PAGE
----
18 publications were found
Basic Principles of Pruning Woody Plants
Pruning is one of the most important cultural practices for maintaining woody plants, including ornamental trees and shrubs, fruits and nuts. Proper pruning requires a basic understanding of how plants respond to various pruning cuts. The principles and guidelines in this publication will help you master common pruning techniques.
Care of Ornamental Plants in the Landscape
Most established ornamental plants in the landscape require care to stay healthy and attractive. Regular fertilization, pruning, watering, mulching and pest control are all part of a good landscape management program. This publication provides guidelines for the care of established ornamental plants in the landscape. Low-maintenance alternatives to traditional cultural practices are discussed thro…
Chainsaw Safety Tips
This publication discusses tips for purchasing the correct chainsaw for your needs and how to use it safely.
Crape Myrtle Bark Scale: An Emerging Invasive Pest in the Nursery and Landscape
The crape myrtle bark scale (CMBS) is an emerging threat to crape myrtle (Lagerstroemia spp.) in Georgia. As the name indicates, this scale pest attacks the bark of crape myrtle, the only known scale insect that infests crape myrtle bark. A native of Asia, CMBS was first confirmed in Dallas, Texas, in 2004. Since then, the pest has gradually expanded its range to the southeastern states. In Georgi…
Crape Myrtle Culture
Crape myrtle is one of the most useful flowering shrubs/trees grown in Georgia. It provides abundant summer color with a minimum of maintenance.
Great Plants Under 20 Feet for Small Spaces
Well-chosen small trees and shrubs can provide privacy from your neighbors, separation from a road with heavy traffic or a screen to hide unattractive areas. By selecting plants that mature to a height of 20 feet or less, you can create a natural fence.
Growing Bigleaf Hydrangea
Bigleaf hydrangea, also called French, Japanese, or snowball hydrangea, is a landscape plant. Bigleaf hydrangea can be transplanted to the landscape for repeat blooms each year.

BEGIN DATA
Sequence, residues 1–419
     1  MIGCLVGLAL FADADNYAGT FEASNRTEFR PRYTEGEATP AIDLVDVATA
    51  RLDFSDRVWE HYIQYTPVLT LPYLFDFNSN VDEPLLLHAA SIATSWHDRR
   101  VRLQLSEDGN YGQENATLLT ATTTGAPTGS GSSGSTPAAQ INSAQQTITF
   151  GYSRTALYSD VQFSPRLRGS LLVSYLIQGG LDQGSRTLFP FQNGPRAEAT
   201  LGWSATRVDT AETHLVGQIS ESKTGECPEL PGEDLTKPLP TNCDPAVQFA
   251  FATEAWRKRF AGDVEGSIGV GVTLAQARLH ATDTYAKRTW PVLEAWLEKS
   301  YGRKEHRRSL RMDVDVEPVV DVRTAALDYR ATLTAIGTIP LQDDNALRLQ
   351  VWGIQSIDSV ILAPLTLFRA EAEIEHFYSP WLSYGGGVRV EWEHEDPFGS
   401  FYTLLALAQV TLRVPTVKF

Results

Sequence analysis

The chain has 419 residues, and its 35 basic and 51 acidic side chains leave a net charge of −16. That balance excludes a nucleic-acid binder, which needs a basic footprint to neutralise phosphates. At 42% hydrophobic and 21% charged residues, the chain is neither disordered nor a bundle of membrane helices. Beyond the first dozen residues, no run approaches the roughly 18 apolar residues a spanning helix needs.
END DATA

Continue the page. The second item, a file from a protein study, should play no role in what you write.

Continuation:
Junipers are among one of the toughest plants for the landscape. Their hardy nature and drought tolerance make them ideal choices for many of our southern landscapes.
It is impossible to generalize about the growth habit of junipers as the species vary from low-growing ground cover types to larger conical-pyramidal forms. Foliage color varies from lustrous dark green, to light green, blue, silver-…
Landscape Plants for Georgia
This publication includes a list of good plants for Georgia organized into various sizes and groups. The design qualities of plants—their form, size, color and texture—are emphasized according to the principles and requirements of good landscape design and plant maintenance. Hardiness and disease and insect resistant qualities are also considered.
Native Plants for Georgia Part I: Trees, Shrubs and Woody Vines
This publication focuses on native trees, shrubs and woody vines for Georgia. It is not our intent to describe all native species — just those available in the nursery trade and those that the authors feel have potential for nursery production and landscape use. Rare or endangered species are not described. Information on each plant is provided according to the following categories: Common Name(s)…